Recent Thoughts & Reflections Blog Posts
Susan Maske of St. Matthew’s was one of 36 honorees from the Episcopal Diocese of Washington and the Potomac Convocation of United Churches of Christ for lifelong service to church and community at a gala celebration of the Holy Eucharist on Wednesday, April 3, 2019.
In the portion of the story of Exodus which we hear on the third Sunday of Lent, Moses is a fugitive from the law. Having murdered a man in Egypt, he has crossed into the Sinai desert and is putting as many miles behind him as he can when suddenly his eye is drawn to something burning at the side of the road. He slows enough to see it and then stops in his tracks when he realizes that the burning bush he sees right before his eyes is aflame without being consumed. Now it’s no rare sight to see something on fire out in the desert. Those who have journeyed in dry lands and desert places know well how easily the dry brush can catch fire, seemingly spontaneously. But what catches on fire on a hot and dry day doesn’t burn very long before it burns up, and is no more. The bush Moses saw…it burned, and it burned, and it kept on burning without being consumed. And as Moses realized that he must be standing in the presence of God, he heard a voice telling him “Take off your shoes, for the ground you are standing on is holy.” And to this day, my sisters in religious life who come from Ghana take off their shoes when they come forward to receive communion, for the ground on which they are standing is holy. Holy ground, because it marks the point of the union of heaven and earth, the encounter of the human — the encounter of a human being — with the divine.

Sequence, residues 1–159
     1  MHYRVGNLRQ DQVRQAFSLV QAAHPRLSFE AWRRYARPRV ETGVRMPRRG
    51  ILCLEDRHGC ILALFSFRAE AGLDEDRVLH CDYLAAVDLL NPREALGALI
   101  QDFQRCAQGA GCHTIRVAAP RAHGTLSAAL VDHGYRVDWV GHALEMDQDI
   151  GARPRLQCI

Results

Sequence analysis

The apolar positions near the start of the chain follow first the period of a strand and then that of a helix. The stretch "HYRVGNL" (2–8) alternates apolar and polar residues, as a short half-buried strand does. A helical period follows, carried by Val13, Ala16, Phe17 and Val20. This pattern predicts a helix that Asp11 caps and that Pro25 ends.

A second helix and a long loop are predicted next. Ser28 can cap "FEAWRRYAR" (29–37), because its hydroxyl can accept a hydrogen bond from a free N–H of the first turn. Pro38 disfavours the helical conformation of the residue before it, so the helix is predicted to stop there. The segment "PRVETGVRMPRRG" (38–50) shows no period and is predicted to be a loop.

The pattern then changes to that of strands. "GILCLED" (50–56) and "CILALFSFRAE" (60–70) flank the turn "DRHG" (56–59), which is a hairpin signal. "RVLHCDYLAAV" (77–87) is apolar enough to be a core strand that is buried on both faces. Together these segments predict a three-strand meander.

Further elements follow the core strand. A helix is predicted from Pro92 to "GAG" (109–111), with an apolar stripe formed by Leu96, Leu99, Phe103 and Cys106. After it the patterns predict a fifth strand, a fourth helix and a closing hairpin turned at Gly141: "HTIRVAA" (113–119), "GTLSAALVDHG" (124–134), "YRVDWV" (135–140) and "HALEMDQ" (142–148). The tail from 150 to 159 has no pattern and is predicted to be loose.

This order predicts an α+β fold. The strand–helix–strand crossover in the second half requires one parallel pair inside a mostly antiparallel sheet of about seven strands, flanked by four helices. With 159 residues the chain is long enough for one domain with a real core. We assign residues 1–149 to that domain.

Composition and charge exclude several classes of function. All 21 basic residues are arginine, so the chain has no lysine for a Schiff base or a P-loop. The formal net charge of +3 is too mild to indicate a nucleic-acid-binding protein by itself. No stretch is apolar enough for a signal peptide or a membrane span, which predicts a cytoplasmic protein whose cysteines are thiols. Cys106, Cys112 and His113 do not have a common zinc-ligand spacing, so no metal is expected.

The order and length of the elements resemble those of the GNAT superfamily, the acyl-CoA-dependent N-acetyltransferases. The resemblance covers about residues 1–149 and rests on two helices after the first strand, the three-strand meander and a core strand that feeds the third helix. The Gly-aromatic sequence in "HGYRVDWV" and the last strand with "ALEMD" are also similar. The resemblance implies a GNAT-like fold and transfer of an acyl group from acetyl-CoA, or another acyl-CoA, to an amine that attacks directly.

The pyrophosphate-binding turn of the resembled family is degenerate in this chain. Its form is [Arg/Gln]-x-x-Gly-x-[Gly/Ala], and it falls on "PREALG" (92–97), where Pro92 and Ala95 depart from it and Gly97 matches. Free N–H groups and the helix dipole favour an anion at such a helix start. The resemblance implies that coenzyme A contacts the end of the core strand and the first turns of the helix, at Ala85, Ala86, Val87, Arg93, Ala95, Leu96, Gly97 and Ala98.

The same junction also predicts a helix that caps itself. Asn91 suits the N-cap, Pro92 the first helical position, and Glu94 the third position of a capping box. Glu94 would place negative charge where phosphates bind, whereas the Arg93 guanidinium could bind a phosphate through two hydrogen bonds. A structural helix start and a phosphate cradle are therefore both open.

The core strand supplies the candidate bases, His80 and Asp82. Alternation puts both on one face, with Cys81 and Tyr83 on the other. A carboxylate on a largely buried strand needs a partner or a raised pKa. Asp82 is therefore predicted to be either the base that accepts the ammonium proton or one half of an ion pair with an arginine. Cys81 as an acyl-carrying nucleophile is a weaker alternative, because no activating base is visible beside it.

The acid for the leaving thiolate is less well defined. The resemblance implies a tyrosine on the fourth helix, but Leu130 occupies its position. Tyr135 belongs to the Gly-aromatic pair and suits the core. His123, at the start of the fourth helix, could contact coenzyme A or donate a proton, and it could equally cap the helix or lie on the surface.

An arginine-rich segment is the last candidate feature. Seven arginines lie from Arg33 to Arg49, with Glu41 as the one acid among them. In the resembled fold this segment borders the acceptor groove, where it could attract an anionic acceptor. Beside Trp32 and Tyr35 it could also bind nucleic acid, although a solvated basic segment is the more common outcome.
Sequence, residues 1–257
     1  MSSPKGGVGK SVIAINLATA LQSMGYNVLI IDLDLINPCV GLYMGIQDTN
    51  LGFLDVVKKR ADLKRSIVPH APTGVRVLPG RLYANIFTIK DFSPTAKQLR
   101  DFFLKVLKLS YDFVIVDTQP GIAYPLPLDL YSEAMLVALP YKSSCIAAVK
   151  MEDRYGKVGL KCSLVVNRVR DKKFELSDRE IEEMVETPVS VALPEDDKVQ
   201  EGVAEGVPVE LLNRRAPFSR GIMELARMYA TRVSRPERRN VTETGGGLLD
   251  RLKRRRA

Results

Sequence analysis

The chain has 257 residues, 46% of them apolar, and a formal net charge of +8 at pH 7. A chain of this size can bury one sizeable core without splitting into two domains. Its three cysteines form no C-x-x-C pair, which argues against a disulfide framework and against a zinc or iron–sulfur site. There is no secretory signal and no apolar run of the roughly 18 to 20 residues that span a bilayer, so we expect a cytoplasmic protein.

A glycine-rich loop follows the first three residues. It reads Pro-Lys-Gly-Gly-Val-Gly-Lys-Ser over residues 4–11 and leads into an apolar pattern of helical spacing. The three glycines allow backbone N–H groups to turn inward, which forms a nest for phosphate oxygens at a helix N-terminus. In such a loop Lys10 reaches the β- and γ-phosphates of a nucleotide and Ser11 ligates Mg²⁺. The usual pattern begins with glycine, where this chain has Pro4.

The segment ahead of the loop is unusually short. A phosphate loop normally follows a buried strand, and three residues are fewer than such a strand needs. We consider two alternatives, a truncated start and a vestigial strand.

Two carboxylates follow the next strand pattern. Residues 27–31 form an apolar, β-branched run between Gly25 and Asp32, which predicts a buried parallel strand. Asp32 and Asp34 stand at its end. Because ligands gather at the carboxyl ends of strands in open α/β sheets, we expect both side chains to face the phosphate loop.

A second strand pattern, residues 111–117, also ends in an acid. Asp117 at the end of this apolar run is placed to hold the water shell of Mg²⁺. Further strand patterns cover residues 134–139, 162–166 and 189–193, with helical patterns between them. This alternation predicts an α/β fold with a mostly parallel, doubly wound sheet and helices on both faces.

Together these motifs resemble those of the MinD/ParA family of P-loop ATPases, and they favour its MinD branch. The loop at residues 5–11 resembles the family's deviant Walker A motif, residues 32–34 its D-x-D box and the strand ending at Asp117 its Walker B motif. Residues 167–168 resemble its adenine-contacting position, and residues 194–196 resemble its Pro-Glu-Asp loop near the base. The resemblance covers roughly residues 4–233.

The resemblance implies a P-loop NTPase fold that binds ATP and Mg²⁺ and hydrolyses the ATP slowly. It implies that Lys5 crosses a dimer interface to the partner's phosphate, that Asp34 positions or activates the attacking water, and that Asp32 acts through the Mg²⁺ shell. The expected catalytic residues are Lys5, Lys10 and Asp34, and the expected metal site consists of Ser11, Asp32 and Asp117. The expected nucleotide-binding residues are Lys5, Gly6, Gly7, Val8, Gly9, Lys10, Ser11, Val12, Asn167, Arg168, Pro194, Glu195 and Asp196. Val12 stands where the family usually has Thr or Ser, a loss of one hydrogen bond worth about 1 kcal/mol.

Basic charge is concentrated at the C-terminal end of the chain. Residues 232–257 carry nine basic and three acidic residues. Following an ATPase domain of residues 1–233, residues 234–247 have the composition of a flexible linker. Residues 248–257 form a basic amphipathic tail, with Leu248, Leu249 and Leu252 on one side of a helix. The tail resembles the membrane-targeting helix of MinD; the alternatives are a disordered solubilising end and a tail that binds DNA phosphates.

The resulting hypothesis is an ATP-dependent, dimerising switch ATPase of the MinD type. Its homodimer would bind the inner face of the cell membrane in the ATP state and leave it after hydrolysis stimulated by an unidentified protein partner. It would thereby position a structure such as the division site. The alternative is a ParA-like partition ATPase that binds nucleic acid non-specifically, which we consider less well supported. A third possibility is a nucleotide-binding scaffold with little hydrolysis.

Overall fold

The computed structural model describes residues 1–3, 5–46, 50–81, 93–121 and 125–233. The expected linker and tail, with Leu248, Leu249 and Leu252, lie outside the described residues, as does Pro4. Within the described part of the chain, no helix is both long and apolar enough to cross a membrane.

It is holy ground also, this burning bush, because it marks a turning point. For Moses that is the point in his journey at which he knows he is going the wrong direction. We’ve all been there; whether or not we have GPS, we have passed by a turn or diverted in the wrong direction, and even though doubting our own judgment we have continued to travel on what we increasingly become convinced must be the wrong road. For Moses, the right road is the road back to Egypt. He cannot run from his problems and he cannot run from his destiny. He must return to the place from which he just fled, gather up his people, and bring them with him back into the desert. He cannot do this alone. Nor can we. “Turn back, O man,” goes the old Lenten hymn, “forswear thy foolish ways.” The burning bush marks the point of Moses turning back, upon which the entire further history of Israel depends.